Author Topic: Inner Conflict: Did I buy the wrong car?  (Read 7566 times)

Cwadda

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Inner Conflict: Did I buy the wrong car?
« on: August 07, 2014, 07:53:34 AM »
Hi Mustachians,

January of this year I started a mustachian approach to things. Granted, I'm a 20 year old guy so there wasn't a whole lot to do for my lifestyle as a college student...but I did start becoming financially educated and turned around my high-fee investments into things I was comfortable with and made a lot more sense.

In April, I started looking for a car for my internship. It would be absolutely necessary for driving all over the state. So by the time I was out of school, I would need a car. I looked over MMM's list of "cars for smart people" and researched commuter cars known for their reliability. My top choices came down to the Honda Civic and the Mazda3 (these are both high-rated cars according to MMM). I looked and looked for two months and ended up paying $8000 ($6650 base price plus all repairs) for an '07 Mazda3 - this was my budget max.

My employer pays federal max $0.56 for mileage and I drive 61 miles roundtrip commute per day. So I get about $200/week for gas and I spend $50/week on it. During school times (~30 weeks of the year) I drive 100 miles per week round trip for my other job (and can deduct federal max miles since I am self-employed). I drive no more than 8000 miles per year probably will not for the remainder of college. The car had 86k miles on it when I got it, and I will have it for around 7 years.


Warning: the following paragraph may be horrifying enough to make you sick to your stomach.
I have to say I love my car. I loved it as soon as I saw it. Although it's an older model, it's fully loaded and has some serious zip. I love the look of the Mazda3, especially the older body structures. I'm so proud of it as a first car. None of my friends have cars (and if they do, they didn't pay for them). I'll even go as far as saying it has raised some confidence about myself (something I've needed). Every day I drive it I think to myself and even sometimes say aloud "Wow, this car is awesome." It runs beautifully and has had zero problems.


So, as I re-read the above paragraph I feel like a total Mr. McFancypants and have been put into a moral/mustachian quandary about it lately. I see lots of discussion about fuel efficient vehicles (50+ MPG). My car gets 25-26 MPG, which is about half. Here's the question: Did I purchase the right car? In other words, did I deny the very principles of mustachianism that I seek every day in favor of a wasteful Fancymobile?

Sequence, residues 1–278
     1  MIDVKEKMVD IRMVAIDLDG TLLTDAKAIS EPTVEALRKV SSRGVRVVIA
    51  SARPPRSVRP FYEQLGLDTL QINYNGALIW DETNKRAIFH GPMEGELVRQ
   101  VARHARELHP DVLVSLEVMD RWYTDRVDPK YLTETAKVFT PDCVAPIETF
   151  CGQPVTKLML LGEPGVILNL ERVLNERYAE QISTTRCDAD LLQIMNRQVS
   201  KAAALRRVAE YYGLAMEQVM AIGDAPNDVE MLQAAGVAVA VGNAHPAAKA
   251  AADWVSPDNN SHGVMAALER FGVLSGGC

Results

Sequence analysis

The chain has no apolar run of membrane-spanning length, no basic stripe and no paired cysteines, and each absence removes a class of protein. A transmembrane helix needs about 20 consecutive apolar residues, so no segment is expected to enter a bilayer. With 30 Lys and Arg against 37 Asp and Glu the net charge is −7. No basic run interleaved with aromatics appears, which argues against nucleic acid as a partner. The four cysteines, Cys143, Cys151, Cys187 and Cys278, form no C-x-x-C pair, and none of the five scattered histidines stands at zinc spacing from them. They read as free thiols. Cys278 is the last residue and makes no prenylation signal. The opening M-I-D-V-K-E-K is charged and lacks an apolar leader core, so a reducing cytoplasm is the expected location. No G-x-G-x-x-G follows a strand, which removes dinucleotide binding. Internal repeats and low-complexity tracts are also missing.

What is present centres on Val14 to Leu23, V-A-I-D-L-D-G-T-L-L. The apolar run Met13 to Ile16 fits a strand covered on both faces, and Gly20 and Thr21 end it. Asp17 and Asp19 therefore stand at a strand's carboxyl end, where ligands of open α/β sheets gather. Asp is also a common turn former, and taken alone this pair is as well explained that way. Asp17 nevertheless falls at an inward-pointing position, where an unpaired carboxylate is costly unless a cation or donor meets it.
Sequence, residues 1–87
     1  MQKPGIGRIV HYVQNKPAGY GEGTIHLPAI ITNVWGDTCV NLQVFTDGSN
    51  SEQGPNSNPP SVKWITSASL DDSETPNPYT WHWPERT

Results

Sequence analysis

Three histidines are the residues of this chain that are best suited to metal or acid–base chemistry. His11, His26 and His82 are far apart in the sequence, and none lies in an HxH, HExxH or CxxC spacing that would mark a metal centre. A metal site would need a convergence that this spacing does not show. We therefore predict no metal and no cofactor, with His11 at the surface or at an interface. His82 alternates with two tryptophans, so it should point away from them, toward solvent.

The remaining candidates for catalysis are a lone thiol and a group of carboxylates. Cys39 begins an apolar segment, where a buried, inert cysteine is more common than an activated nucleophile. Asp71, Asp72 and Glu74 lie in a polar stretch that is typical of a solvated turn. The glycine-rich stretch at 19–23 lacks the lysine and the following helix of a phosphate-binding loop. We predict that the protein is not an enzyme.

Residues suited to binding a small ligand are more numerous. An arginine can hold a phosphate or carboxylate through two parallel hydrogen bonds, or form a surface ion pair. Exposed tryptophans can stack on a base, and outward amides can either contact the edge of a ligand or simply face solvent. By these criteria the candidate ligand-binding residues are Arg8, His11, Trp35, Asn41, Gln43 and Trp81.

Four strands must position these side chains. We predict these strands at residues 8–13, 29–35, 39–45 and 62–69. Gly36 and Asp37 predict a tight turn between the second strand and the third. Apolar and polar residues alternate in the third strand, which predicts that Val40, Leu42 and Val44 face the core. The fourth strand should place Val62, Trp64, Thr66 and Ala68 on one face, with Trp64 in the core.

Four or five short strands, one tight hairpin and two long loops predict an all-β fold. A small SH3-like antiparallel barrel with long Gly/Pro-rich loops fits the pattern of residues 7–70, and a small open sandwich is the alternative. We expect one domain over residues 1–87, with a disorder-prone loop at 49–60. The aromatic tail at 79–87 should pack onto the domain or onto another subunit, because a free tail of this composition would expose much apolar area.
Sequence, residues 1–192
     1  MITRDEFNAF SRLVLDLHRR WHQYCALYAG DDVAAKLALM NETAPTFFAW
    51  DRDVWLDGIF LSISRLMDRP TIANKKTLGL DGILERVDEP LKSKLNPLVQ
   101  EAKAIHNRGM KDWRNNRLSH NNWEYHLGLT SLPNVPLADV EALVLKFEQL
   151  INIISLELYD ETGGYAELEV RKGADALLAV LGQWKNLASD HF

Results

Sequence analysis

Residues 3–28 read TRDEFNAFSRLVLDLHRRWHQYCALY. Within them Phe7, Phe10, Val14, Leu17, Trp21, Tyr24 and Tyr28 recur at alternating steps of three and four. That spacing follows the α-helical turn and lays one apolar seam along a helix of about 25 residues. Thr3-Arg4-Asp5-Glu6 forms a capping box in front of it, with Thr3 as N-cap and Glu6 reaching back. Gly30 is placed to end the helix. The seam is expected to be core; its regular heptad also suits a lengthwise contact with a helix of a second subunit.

neo von retorch

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Re: Inner Conflict: Did I buy the wrong car?
« Reply #1 on: August 07, 2014, 07:57:35 AM »
I think you're worrying too much about the extreme end of the spectrum. You seem to get a lot of joy out of your car, and it's not a flagrantly inefficient or excessive vehicle. It is practical, reliable and affordable. We could all drive 20 year old cars for a few hundred dollars a year if we really wanted to, but I don't think it's worth the hassle. For comparison, I bought an '08 Fit with 57k on it for ~$9800. You got a pretty good deal, I think. (And my car isn't "fully loaded.")

Scandium

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Re: Inner Conflict: Did I buy the wrong car?
« Reply #2 on: August 07, 2014, 08:04:45 AM »
Meh, probably fine.
I am surprised the mazda 3 doesn't get better mileage though. Had to look it up but fuelly seems to be the same as you're saying. I get ~25 mpg in my Subaru outback (personal best at 27mpg!), so I'm just surprised a tiny hatchback is only a few mph better than a huge 4wd wagon!

Cwadda

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Re: Inner Conflict: Did I buy the wrong car?
« Reply #3 on: August 07, 2014, 08:08:47 AM »
Meh, probably fine.
I am surprised the mazda 3 doesn't get better mileage though. Had to look it up but fuelly seems to be the same as you're saying. I get ~25 mpg in my Subaru outback (personal best at 27mpg!), so I'm just surprised a tiny hatchback is only a few mph better than a huge 4wd wagon!

I have a sedan. It's also 2.3L which is going to be thirstier than the 2.0L. Yeah, the newer ones are much better. The 2014 is rated for 41 MPG highway and my friend has a 2013 that gets 35 MPG combined. Even the new 2.5L ones run some decent fuel economy.

Quote